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Business Law - Law of Contract Act
The Indian Contract Act was passed by British India in 1872. This law is applicable throughout the country, except the states of Jammu and Kashmir. This act deals mostly with the guidelines and principles related to contracts.
This law can be subdivided into two parts −
Sections 1 to 75 are related to general principles of contracts.
Sections 124 to 238 are related to special kinds of contracts such as indemnity and guarantee, bailment, pledge and agency.
According to the Contract Act, a contract can be defined as an agreement which can be enforced by law. When two parties mean the same thing in the similar sense at the same time and work for the same purpose, they are termed to be at a point of agreement.
Section 2(e) of the Contract Act defines an agreement to be a set of promises, which form the considerations of both the parties. Obligation can be defined as an action or a duty to which a person is committed morally as well as legally.
Both agreement and obligation constitute to form a contract. Any agreement related to social matters cannot be considered as a contract. A legal relationship must be created between the two parties to constitute a contract.
Essential Elements of a Valid Contract
The following are the essential elements for a valid contract −
- An offer proposed by one party should be accepted by the other party which results in a point of agreement.
- Both the parties should be in consent of creating a legal relation and stay prepared for legal consequences.
- The agreement should be in the consent of the law.
- The contracting parties must be legally eligible for the contract.
- The consent of both the parties must be genuine.
- The aims and objective of the contract should be legally acclaimed and should not oppose any policy of the public.
- There should be precise and clear terms and conditions in the contract.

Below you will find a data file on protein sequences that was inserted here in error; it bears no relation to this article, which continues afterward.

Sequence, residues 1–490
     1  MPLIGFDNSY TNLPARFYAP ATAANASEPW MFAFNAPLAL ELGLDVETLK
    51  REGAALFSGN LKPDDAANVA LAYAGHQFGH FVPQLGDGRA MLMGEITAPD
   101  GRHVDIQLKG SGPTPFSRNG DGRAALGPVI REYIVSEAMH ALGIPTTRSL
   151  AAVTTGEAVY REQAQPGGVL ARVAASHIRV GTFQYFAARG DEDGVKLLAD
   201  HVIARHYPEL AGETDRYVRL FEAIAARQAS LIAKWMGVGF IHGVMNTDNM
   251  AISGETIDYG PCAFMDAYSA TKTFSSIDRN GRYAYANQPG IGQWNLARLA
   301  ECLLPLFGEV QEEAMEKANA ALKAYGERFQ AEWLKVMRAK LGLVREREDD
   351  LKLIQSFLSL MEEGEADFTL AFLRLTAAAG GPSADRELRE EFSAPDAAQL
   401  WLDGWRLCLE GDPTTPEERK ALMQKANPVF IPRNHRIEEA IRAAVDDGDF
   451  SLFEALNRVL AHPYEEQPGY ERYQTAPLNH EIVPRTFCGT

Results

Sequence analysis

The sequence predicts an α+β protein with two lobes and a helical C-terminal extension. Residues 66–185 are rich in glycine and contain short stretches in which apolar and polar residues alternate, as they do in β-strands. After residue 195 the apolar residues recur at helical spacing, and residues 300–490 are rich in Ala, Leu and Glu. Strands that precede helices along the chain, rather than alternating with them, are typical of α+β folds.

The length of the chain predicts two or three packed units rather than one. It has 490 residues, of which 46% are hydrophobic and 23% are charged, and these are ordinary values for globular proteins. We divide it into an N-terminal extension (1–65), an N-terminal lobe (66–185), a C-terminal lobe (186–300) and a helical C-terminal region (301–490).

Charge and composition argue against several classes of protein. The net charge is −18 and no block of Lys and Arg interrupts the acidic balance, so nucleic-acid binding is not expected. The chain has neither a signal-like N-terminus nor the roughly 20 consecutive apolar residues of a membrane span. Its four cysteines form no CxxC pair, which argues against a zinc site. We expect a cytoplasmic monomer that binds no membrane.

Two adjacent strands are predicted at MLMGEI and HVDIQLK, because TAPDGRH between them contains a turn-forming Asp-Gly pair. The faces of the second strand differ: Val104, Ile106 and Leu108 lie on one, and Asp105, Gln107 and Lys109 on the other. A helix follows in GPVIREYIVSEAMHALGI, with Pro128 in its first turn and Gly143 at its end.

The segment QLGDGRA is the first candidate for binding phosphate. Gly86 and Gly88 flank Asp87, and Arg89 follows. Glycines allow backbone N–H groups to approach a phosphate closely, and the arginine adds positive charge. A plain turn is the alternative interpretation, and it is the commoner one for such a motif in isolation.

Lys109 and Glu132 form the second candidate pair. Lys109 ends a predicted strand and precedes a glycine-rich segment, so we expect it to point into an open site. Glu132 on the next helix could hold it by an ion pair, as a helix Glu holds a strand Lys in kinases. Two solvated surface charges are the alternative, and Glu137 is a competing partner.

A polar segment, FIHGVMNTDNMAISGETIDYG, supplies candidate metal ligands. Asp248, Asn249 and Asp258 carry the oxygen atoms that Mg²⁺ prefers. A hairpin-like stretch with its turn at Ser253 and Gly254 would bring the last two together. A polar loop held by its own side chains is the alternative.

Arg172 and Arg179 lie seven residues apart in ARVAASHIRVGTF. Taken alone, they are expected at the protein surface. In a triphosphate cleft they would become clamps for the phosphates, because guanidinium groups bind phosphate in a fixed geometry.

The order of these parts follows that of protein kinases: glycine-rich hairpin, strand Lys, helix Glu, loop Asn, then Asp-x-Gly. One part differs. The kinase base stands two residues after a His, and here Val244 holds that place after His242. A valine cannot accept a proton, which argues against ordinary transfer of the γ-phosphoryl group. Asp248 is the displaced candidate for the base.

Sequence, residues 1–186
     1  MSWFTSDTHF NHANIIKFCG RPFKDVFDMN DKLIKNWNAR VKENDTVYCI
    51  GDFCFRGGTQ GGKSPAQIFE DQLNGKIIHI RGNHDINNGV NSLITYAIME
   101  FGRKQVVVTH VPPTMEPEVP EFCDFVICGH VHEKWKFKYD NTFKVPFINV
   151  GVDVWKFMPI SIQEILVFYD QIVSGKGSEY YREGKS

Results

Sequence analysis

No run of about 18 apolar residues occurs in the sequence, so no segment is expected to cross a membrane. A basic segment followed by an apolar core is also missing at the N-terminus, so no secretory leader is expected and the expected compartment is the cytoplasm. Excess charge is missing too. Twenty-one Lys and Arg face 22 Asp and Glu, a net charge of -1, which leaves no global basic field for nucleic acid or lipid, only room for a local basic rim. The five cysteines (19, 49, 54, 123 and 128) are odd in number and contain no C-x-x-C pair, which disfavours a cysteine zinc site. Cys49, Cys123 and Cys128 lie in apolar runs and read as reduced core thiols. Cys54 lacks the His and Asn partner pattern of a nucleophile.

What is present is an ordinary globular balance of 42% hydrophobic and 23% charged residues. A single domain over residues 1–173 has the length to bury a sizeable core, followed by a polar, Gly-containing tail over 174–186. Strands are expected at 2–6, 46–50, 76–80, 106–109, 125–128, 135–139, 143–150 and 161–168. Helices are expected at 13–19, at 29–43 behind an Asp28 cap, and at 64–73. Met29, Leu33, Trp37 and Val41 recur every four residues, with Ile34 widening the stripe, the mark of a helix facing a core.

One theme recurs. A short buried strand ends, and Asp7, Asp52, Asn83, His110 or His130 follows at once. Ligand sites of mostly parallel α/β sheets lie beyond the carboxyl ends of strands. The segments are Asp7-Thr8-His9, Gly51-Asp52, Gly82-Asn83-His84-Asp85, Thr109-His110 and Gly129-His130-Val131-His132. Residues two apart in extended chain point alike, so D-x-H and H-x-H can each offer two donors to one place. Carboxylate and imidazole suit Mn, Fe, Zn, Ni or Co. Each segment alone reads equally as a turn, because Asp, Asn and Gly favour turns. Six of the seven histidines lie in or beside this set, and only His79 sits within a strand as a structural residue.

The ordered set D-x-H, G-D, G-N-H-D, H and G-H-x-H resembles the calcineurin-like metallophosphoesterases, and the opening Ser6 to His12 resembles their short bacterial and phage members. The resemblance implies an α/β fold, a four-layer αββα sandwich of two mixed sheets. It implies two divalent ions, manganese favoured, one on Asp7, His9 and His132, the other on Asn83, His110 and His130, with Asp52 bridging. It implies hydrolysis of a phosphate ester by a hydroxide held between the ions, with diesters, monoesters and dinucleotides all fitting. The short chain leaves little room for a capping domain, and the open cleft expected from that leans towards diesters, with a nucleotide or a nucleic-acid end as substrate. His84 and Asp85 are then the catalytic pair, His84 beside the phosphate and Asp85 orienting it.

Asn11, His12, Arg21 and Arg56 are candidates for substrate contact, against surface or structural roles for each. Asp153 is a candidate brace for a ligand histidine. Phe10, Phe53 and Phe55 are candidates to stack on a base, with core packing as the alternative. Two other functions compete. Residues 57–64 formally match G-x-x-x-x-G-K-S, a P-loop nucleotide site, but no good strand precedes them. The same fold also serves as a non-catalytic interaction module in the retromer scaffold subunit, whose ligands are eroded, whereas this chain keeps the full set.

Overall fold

- The agreement should be practically possible to be enacted.
Proposal or Offer
Making an offer is one of the initial steps in creating a contract. An offer or a proposal must be made by the first party, which initiates the contract to the second party. The first party is often termed as the offeror and the second party is often termed as the offeree. If the offeree accepts the entire offer without any negotiations or changes, the contract comes into existence.
Rules Administrating Offers
The following rules must be followed for the validation of an offer −
It is mandatory for an offer to be clear, complete, definite and final.
For an offer to be effective, it must be conveyed to the offeree so that the offeree gets the choice to accept or reject the offer.
The offer can be conveyed orally or in a written document or may be implied by the conduct.
An offer may be made to the general public or to a specific person or to a specific group of people.
It is only upon the acceptance of an offer that a contract comes into existence. Acceptance of an offeree can be defined as the point when the offeree agrees with the terms & conditions and interest of the offer and gives his consent in compliance of the offer. A proposal becomes a promise when it is accepted.
Rules Administrating Acceptances
It is mandatory for the acceptance to be unqualified and absolute.
The acceptance must comply with all the terms and conditions of the offer.
Acceptance can be expressed orally or in a written document or may be implied by the conduct.
A conditional acceptance or a return offer may is considered as a rejection to the offer and may contribute to lapse of the offer.
The offerer should be conveyed of the acceptance by the offeree. If, in any case, the offeree intends to accept the offer but does not convey the acceptance, the offer is not considered accepted.
No communication to the offerer is required for acceptance of an offer that requires some actions to be invoked as a response or sign of acceptance.
The offeree must accept the offer within the specified time limit of the offer.
Contract of Indemnity and Guarantee
Contract of Indemnity
A contract of indemnity is defined as a special contract by virtue of which two parties’ enter into a contract, if and only if, one party promises the other party to save it from any losses incurred due to the contract or any other specific reasons. The party which makes the promise is termed as indemnifier. The party which is protected by the promise is termed as indemnified. The best possible example of a contract of indemnity would be the contract of insurance.
Contract of Guarantee
A contract of guarantee may be defined as a contract to carry out the promise of a third person in case of any defaults. The person who gives the guarantee is termed as surety.
‘Debtor’ is the term used for the person for whom the guarantee is given.
The person to whom the guarantee would be given is called creditor.
A guarantee can either be oral or written.
A contract must qualify all the norms of a valid contract just like an indemnity.
There is however a special consideration according to section 127 of the Contract Act, i.e., it may be a sufficient condition for the surety to give the guarantee that something is done or some promises are made for the benefit of the principal debtor.